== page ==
He lamented the perennial threats piracy poses to their profession. Kelani told the governor that piracy has become a major albatross to the growth of the movie industry as it-discouraged investments in filmmaking and has clearly undermined creativity.

‘’Your Excellency, before now these pirates wait until we finish releasing our films. But now they release our films before we authorize the release. Your Excellency, this trend had gotten to a dangerous dimension requiring a quick check’’ Kelani said. He also canvassed the elevation of piracy to the level of economic crime and arm robbery.

‘Films produced in Nigeria, still showing in the cinemas, are pirated and released, sold on the streets of Lagos before official release by the investors. This is destroying lives, property, business and the industry as a whole,” Kelani lamented.

When top filmmaker and distributor Igwe Gab Okoye aka Gabosky took his turn to speak on behalf of the entertainers, he spoke in the same vein. He remarked that the magnitude of piracy the country is witnessing now has assumed a dangerous dimension.

According to Igwe Gabosky ‘’sir, other countries in the world have stiffer penalties for piracy but our laws here are too week. There are some countries that even have death penalty when you are caught.

But the penalty here is week and has encouraged piracy than discourage them’’. Also, Gabosky pointed to the popular Alaba Market in Lagos as the biggest headache for the entertainment industry.

He alleged that the National Copyright Commission – and other investors in the intellectual property in Nigeria have found ‘Alaba a difficult nut to crack’. He also alleged that apart from the fact that many dealers in the market have continued to illegally reproduce the works of Nigerian and foreign artistes, they have also consistently resisted attempts by men of the NCC to bring sanity into the creative industry.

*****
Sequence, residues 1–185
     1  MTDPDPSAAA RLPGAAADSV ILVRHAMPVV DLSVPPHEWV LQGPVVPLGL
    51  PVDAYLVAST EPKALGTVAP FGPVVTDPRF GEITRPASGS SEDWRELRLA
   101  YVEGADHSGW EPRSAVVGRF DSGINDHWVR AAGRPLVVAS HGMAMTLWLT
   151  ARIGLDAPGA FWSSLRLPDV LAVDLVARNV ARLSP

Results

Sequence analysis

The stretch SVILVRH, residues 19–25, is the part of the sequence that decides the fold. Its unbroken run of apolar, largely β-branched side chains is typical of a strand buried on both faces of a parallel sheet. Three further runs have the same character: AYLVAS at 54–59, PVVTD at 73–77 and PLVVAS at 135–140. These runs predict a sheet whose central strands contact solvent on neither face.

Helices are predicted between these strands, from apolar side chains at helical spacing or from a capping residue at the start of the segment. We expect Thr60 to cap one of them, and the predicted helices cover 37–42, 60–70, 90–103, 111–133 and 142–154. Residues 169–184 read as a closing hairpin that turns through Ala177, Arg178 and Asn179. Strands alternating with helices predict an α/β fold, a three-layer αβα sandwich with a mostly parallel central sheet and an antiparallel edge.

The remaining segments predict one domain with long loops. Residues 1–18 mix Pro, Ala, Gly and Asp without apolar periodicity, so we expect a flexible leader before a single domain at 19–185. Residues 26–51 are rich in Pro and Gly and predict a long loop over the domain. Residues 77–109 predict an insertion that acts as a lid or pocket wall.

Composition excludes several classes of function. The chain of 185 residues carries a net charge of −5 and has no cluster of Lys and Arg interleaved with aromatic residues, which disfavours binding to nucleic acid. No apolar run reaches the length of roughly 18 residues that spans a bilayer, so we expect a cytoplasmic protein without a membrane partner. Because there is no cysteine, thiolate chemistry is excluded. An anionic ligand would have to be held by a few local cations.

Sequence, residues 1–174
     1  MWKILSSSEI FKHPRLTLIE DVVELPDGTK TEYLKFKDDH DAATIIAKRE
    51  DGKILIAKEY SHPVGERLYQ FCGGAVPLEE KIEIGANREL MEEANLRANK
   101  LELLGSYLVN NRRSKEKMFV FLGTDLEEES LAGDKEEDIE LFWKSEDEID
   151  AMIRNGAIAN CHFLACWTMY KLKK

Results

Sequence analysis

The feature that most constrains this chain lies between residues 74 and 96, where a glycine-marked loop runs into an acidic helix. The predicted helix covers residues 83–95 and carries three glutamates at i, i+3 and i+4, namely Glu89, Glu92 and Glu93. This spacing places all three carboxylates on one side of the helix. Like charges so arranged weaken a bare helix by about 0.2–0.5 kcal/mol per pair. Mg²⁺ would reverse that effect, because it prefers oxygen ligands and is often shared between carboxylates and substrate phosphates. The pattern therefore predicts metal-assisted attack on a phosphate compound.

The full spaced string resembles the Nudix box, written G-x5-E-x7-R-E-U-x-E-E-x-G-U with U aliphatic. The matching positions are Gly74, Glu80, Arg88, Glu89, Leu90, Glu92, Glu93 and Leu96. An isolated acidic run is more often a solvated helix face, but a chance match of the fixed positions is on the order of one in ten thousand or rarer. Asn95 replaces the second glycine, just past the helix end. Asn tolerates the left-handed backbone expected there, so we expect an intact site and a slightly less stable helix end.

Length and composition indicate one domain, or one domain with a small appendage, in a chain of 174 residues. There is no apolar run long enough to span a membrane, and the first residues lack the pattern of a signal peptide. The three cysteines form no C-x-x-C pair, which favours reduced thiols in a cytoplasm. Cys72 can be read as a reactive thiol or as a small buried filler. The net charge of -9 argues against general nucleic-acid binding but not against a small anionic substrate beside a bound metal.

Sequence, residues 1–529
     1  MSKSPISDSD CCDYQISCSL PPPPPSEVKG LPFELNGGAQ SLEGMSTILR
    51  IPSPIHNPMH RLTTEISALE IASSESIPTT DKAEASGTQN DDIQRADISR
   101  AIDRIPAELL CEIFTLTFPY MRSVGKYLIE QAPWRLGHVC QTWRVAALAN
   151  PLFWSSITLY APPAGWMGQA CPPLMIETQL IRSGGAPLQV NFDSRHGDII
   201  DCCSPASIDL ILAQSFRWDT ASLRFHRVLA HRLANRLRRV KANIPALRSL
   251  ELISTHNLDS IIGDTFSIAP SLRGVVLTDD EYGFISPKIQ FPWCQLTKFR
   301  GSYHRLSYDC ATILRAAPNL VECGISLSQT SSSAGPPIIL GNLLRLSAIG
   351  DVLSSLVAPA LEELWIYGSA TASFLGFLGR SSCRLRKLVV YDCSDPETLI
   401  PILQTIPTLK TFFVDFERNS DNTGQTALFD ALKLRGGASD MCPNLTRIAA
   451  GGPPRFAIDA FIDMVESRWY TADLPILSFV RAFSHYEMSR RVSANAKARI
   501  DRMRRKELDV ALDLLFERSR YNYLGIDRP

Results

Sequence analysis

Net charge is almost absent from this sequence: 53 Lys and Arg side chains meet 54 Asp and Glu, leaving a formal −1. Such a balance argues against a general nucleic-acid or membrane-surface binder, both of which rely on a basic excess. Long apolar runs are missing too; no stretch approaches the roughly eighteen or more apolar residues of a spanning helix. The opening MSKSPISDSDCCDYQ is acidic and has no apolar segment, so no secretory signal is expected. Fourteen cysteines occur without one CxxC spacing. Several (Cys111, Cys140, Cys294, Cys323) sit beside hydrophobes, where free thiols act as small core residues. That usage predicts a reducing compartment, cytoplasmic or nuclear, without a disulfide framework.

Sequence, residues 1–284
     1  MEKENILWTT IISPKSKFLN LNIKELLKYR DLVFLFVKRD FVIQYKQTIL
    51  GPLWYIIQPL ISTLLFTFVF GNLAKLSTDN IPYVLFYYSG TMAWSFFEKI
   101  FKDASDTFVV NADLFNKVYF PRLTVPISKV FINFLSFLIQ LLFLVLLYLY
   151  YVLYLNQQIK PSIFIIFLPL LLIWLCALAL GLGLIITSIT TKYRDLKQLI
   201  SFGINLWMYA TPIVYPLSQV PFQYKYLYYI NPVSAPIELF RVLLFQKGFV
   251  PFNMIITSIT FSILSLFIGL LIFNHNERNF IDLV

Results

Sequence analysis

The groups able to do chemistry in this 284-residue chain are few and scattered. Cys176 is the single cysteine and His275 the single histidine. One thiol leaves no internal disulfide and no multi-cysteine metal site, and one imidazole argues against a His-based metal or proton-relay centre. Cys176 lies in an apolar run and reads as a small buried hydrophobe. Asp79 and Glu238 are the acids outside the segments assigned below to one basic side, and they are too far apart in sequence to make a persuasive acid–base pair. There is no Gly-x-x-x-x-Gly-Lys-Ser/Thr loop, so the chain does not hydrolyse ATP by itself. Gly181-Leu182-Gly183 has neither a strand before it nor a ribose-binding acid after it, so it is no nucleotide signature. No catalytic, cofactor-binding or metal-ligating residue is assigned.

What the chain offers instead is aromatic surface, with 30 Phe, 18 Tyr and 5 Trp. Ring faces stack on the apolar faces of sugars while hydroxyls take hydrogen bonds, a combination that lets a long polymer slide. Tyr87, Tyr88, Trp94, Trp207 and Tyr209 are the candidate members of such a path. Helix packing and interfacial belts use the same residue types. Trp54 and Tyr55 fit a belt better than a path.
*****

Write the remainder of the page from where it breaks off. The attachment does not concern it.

‘’As far as I am concerned, all the government institution responsible for creating a better environment for us from the NCC to the Censors Board to the moribund Nigerian Film Corporation (NFC) have failed’’ Gabosky alleged. Also, one of the leaders of the group Barrister Tunji Bamishigbin lamented the situation and called for stiffer legislation.

“The existing legislation against the problem is too weak to serve as deterrent. We must strengthen the law and enforce the penalty’ Bamishigbin who is a prolific writer and filmmaker said.

Governor Fashola was very consoling in his response. The governor who described the industry as a self-driven one promised that the state government with collaborate with the entertainers in the fight against piracy.

The governor, who canvassed a holistic approach to the fight against piracy, saluted the courage of the entertainers and commended them for electing to tackle the menace.

Although he described piracy as a global phenomenon that even some developing countries are battling to curtail, he decried the inability of the Nigerian government to take steps that would have curtailed the menace. ‘Please don’t despair. Let us continue the struggle and keep creating the awareness.

Let us get more of you involved in the struggle. I see a few faces here and they are mostly moviemakers. Where are the writers, where are the fine artists? You should all be involved. So count on me to help in any way possible. I will expect to meet your representatives soon so that we can articulate our positions and see what can be done’ the governor said.

The group dispersed after the visit to the governor. But leaders of the group agreed to meet with the governor so as to articulate a position to government. They also promised to convene an all-encompassing awareness rally to further press home their demand for a virile copyright regime. ‘Expect a one million creative man march against piracy’’ Bamishigbin promised.